A Big Fracking Lie - Bill McKibben and Mike Tidwell - POLITICO Magazine. If you want to know just how bad an idea it is for America to ship “fracked” natural gas to overseas markets, travel the 65 miles from the White House to a place called Cove Point in southern Maryland.
There, right on the Chesapeake Bay, the Obama administration wants to give fast-track approval to a $3.8 billion facility (12 times the cost of the NFL Ravens stadium) to liquefy gas from all across Appalachia. The new plant, proposed by Virginia-based Dominion Resources, would somehow be built right between a coveted state park and a stretch of sleepy beach communities, with a smattering of Little League baseball fields just down the road. Along the Chesapeake itself, endangered tiger beetles cling to the shore while Maryland “watermen” hunt crabs and oysters in age-old fashion. Right here, Dominion wants build a utility-scale power plant (130 megawatts) just to power the enormous “liquefaction” process for the fracked gas.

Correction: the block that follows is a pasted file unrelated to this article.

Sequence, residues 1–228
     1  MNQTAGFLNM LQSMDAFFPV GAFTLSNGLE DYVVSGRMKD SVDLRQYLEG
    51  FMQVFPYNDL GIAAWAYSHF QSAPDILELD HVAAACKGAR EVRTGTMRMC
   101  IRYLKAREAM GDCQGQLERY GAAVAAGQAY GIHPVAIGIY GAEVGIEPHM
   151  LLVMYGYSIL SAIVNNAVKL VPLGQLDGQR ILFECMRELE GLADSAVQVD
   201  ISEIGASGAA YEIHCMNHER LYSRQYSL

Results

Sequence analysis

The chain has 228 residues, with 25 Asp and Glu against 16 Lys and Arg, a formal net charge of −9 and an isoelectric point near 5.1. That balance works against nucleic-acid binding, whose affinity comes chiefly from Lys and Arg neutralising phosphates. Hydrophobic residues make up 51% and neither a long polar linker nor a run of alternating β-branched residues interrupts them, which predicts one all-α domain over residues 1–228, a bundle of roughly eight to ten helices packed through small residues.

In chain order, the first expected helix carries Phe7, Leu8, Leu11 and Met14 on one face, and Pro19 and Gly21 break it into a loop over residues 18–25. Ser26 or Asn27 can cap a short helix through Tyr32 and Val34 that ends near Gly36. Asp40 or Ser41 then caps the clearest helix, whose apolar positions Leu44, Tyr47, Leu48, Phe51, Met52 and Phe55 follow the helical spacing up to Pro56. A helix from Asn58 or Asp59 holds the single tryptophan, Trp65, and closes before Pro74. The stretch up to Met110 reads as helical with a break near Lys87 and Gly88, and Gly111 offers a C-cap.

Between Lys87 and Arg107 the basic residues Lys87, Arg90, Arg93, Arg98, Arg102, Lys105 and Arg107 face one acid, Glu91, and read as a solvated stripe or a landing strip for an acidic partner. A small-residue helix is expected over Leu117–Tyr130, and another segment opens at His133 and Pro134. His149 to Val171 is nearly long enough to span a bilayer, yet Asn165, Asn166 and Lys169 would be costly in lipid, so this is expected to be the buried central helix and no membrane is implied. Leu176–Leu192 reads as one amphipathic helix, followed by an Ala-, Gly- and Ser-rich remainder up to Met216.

EDF defends its controversial study of methane leaks from fracking wells. I am not a scientist and I don’t play one on the blogosphere.
My background is in grassroots organizing and communications. And for the last decade, I have been honored beyond words to be part of Environmental Defense Fund. I get to wake up every morning thinking of ways to advocate for my two young kids and their generation’s future by mobilizing public support for solutions to the world’s biggest environmental threats. And no threat is more urgent than climate change, a fact that has inspired EDF to make solving the climate crisis our No. 1 top priority issue for as long as I’ve been here. Right now, one of the most important climate concerns is the issue of fugitive emissions — specifically methane leaking from the natural gas supply chain. The problem is that right now there is very little hard data to go on to say with any confidence what the extent of the natural gas industry’s methane leakage problem is, or even where in the supply chain methane is leaking. Greenwashing Fracking’s Devastating Climate Impact. Gangplank to a Warm Future.